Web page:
Not trying to rain on your justification for selling one of the best Canon cameras ever made, but it sounds like you weren't using your 5D II so you got a smaller camera more suited to the images you make.

Let's be clear, shallow DOF is not the only thing the 5D bests the EM-5 at. But the 5D II absolutely destroys the EM-5 is low-light, high ISO ability (something like 1820 ISO to 800 ISO if you go by DxOMark), has higher resolution and better colors, a more robust build, etc.  It's just a better camera, a money maker, and one of the most popular portrait/wedding cameras in history capable of professional quality results.

For video, the 5D II is the camera that really started the whole HDSLR video production craze.  Here too, the 5D II is a money maker, a mini-cinema camera that is being used by some of the most high end production companies.

I just happened to see this 5D II film short on Vimeo that has something like 28 K "Likes".  It's borrows a lot from Toy Story, and the images (and the story) are beautiful and touching.

https://vimeo.com/32397612

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Savas Kyprianides Veteran Member • Posts: 3,619
Re: Ouch...I would have never done it but...enjoy.

marike6 wrote:

Chris_in_Osaka wrote:

Then came the O-MD and renewed faith in Olympus. I hadn't touched the 5D Mark II since I got my hands on the OM-D on morning of the release day in Japan. Over the months I've slowly sold off my FF gear (50mm f1.4, 100mm f2, 70-200mm f4, Tokina 16-28mm f2.8 etc.) until all that remained was the body, 24-105mm kit lens, and flash...all sitting unused and depreciating in value.

I guess if you were not using your 5D Mk II or using it to it's full potential then selling it made sense. But those all all very good lenses, capable of remarkable images, and I'd never dump a 5D II in a million years (or unless the replacement said D600 on it).


I toyed with the idea of getting rid of the 24-105 and picking up the 50mm f1.2 but in the end, the OM-D beat out the Canon in just about every way except, most obviously, the potential for more shallow DOF ( a crutch for many photographers if you ask me).

It sounds like you are changing gear expecting dramatically different results when in fact you already had wonderful equipment. If you didn't use your 50 1.4, an excellent lens, I'm not sure what the 50 1.2 would have given you since they are both sharp, but the $1500 50 1.2 is just a tiny bit faster.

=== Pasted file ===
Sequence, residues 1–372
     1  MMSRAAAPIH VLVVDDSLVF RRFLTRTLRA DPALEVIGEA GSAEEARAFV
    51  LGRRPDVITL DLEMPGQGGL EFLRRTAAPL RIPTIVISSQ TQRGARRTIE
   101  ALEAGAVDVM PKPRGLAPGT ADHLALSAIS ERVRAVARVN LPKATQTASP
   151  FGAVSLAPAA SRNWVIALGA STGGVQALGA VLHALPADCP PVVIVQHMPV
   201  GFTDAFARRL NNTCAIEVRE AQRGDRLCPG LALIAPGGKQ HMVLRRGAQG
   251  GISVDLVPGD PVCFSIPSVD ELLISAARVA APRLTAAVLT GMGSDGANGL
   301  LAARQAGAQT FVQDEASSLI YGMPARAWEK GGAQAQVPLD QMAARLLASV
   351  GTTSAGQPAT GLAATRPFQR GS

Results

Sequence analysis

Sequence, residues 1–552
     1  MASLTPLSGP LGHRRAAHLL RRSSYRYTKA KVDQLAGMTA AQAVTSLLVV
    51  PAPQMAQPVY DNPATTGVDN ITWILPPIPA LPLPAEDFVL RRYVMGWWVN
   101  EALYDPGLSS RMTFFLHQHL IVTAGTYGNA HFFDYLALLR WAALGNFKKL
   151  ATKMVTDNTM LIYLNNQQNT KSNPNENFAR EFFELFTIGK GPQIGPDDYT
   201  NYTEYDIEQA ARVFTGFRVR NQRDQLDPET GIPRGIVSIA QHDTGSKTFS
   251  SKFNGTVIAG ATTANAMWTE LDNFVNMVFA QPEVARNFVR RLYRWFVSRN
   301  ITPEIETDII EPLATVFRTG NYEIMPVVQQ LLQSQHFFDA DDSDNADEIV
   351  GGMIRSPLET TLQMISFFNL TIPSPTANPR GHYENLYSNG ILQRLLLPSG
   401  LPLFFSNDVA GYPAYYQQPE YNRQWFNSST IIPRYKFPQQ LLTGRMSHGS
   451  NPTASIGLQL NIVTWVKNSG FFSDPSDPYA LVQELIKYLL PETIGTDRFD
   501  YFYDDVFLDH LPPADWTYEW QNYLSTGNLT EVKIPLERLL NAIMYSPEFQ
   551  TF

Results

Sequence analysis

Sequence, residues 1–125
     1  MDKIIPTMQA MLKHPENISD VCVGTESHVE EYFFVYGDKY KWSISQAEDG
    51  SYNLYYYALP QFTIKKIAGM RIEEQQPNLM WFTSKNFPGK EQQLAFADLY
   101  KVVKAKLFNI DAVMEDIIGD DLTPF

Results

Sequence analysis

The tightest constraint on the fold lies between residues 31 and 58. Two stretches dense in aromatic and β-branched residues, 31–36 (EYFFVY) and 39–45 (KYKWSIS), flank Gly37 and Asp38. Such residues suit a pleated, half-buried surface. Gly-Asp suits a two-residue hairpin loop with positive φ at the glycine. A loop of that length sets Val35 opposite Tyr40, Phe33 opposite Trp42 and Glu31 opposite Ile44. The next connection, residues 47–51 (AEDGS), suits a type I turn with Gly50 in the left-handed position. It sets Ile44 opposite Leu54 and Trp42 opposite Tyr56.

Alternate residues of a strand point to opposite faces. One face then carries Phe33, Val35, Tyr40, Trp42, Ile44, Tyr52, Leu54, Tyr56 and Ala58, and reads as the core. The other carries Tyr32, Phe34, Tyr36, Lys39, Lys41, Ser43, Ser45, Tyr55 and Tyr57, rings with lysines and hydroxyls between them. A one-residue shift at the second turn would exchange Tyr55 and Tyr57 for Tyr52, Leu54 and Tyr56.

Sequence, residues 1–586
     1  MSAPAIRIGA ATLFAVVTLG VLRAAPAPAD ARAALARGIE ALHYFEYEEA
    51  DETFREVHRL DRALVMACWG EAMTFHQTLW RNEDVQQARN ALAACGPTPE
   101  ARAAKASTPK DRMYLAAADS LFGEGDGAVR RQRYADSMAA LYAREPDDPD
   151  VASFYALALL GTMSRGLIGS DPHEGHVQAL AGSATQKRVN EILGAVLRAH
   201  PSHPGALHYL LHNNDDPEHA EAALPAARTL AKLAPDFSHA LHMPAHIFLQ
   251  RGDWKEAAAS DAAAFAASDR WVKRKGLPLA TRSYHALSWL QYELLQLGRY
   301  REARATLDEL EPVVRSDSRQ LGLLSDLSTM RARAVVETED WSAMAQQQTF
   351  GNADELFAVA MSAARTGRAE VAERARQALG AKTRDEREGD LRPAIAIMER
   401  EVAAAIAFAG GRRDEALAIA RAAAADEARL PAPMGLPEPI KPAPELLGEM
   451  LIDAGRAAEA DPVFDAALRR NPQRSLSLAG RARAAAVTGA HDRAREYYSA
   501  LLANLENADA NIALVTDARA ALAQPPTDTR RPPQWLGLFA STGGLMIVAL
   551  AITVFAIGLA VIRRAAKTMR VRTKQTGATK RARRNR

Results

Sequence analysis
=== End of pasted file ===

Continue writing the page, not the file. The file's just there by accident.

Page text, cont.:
As far as the OM-D beating the 5D II, it doesn't. I'm not sure when it was this forum convinced itself that the EM-5 was better in any way but size than a FF DSLR. Seriously, it's laughable. The EM-5 has only slightly better IQ than a GX1. I don't go around telling the world that my GX1 is better than my D800, or even my X-Pro1. It is not, and neither is the EM-5.

Not trying to rain on your justification for selling one of the best Canon cameras ever made, but it sounds like you weren't using your 5D II so you got a smaller camera more suited to the images you make.

Let's be clear, shallow DOF is not the only thing the 5D bests the EM-5 at. But the 5D II absolutely destroys the EM-5 is low-light, high ISO ability (something like 1820 ISO to 800 ISO if you go by DxOMark), has higher resolution and better colors, a more robust build, etc. It's just a better camera, a money maker, and one of the most popular portrait/wedding cameras in history capable of professional quality results.

For video, the 5D II is the camera that really started the whole HDSLR video production craze. Here too, the 5D II is a money maker, a mini-cinema camera that is being used by some of the most high end production companies.

I just happened to see this 5D II film short on Vimeo that has something like 28 K "Likes". It's borrows a lot from Toy Story, and the images (and the story) are beautiful and touching.

https://vimeo.com/32397612


I love the images my 5DII helps me obtain, but the prices for lenses have gone wonky some time after 2010's disaster, too costly for an amateur like myself to afford or justify. I'm eyeing this thread after having seen the camera at Photoplus in New York this weekend.

marike6 Veteran Member • Posts: 5,088
Not a good price, but convenience costs.

Chris_in_Osaka wrote:

I got ¥165,000, or a little over $2000 for the kit lens, body and 430 II flash, very fair considering they still have to make some profit, and very welcome considering I don' t need the hassle of finding a buyer myself.